Suspicion led authorities to become interested in the case after the publication of the 1997 book The Death of Innocents, about New York woman Waneta Hoyt, and an investigative article (Cradle to Grave by Stephen Fried), that appeared in the April 1998 issue of Philadelphia magazine.
Stephen Fried turned over his investigation results to the Philadelphia Police Department in March 1998. That’s when Mrs. Noe admitted to suffocating four of her children. She stated that she could not remember what happened to the other four who died under similar circumstances.
She was charged with first-degree murder in August 1998… Mrs. Noe admitted to eight counts of second-degree murder and she was sentenced in June 1999 to 20 years probation and psychiatric study with the first five years under house arrest. It was later revealed Noe suffered from mixed-personality disorder.
3 – Nannie Doss (November 4, 1905 – June 2, 1965)
Born Nancy Hazel, Nannie Doss was an American serial killer convicted of murdering 11 people between the 1920s and 1954: 4 husbands, 2 children, her two sisters, her mother, a grandson, and a mother-in-law.
After her fifth husband had died in a small hospital in Tulsa, Oklahoma, police started investigating the mysterious reasons behind the deaths. Nannie Doss finally confessed to the murders in October 1954. The prosecution found her mentally fit for trial.
The state of Oklahoma centered its case only on Samuel Doss. She pleaded guilty on May 17, 1955, and was sentenced to life imprisonment. The state did not pursue the death penalty due to her gender. Doss was never charged with the other deaths.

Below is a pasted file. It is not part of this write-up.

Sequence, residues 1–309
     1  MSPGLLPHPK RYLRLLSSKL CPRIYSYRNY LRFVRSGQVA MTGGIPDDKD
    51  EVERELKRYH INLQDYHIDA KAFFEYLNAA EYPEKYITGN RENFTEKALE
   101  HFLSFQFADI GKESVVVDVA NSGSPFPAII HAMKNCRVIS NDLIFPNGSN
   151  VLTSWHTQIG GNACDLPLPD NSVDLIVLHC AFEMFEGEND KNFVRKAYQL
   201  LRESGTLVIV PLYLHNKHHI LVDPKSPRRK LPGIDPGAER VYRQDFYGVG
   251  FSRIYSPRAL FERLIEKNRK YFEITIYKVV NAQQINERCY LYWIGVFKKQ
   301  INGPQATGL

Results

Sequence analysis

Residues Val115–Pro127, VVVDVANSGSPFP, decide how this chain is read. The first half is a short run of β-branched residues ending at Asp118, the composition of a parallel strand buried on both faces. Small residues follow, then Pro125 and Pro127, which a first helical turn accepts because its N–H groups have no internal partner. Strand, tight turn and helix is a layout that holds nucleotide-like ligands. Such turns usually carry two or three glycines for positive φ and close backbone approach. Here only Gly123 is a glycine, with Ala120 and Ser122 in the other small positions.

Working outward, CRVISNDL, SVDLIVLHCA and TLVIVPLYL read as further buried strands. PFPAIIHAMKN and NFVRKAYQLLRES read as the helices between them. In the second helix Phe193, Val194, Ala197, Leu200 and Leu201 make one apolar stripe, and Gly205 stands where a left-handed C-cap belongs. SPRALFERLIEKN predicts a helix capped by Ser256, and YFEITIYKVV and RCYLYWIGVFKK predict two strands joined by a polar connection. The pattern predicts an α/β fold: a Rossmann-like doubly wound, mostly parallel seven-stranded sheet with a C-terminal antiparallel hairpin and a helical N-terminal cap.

However Nannie Doss died of leukemia in the hospital ward of the Oklahoma State Penitentiary in 1965. What the state did not want to do cancer did it; she died after a long battle with leukemia.
2 – Bertha Gifford (October 1872 – August 20, 1951)
When it comes to most evil serial killer, Bertha Alice Williams Graham Gifford comes in second position. She was a farmwife in rural Catawissa, Missouri, during the early 1900s who was accused of murdering 17 members of the local community.
Gifford was known in her community for her cooking skills and caring for sick neighbors and relatives, but she has a dark skill that the community had not known yet, until 1928, when she was arrested and charged with the murders of three people.
After numerous deaths in the community, authorities become suspicious. The exhumation and post-mortem exams of Edward Brinley, Elmer and Lloyd Schamel revealed large amounts of arsenic. Although she fatally poisoned 17 members, Gifford was put on trial for these murders only.
Bertha was found not guilty by reason of insanity and committed to a mental institution where she remained until her death in 1951. However, most historians and family members believe Gifford might actually killed more than 17 people over a period of 21 years.
1 – Jane Toppan (1857–1938)
Jane Toppan is the worst female serial killer in American history. She confessed to have murdered 31 people in 1901. In fact, her goal was “to have killed more people — helpless people — than any other man or woman who ever lived…”
In 1885, Toppan started a residency as a nurse at Cambridge Hospital. She underwent a dark work by doing experiments on her patients with morphine and atropine; she would alter their prescribed dosages to see what it did to their nervous systems.
She also spent a lot of time alone with those patients, making up fake charts and medicating them to drift in and out of consciousness and even get into bed with them, claiming she derived a sexual thrill from patients being near death, coming back to life and then dying again.
After police finally arrested Toppan in 1902, she had confessed to 31 murders. Ironically, On June 23, in the Barnstable County Courthouse, she was found not guilty by reason of insanity and committed for life in the Taunton Insane Hospital.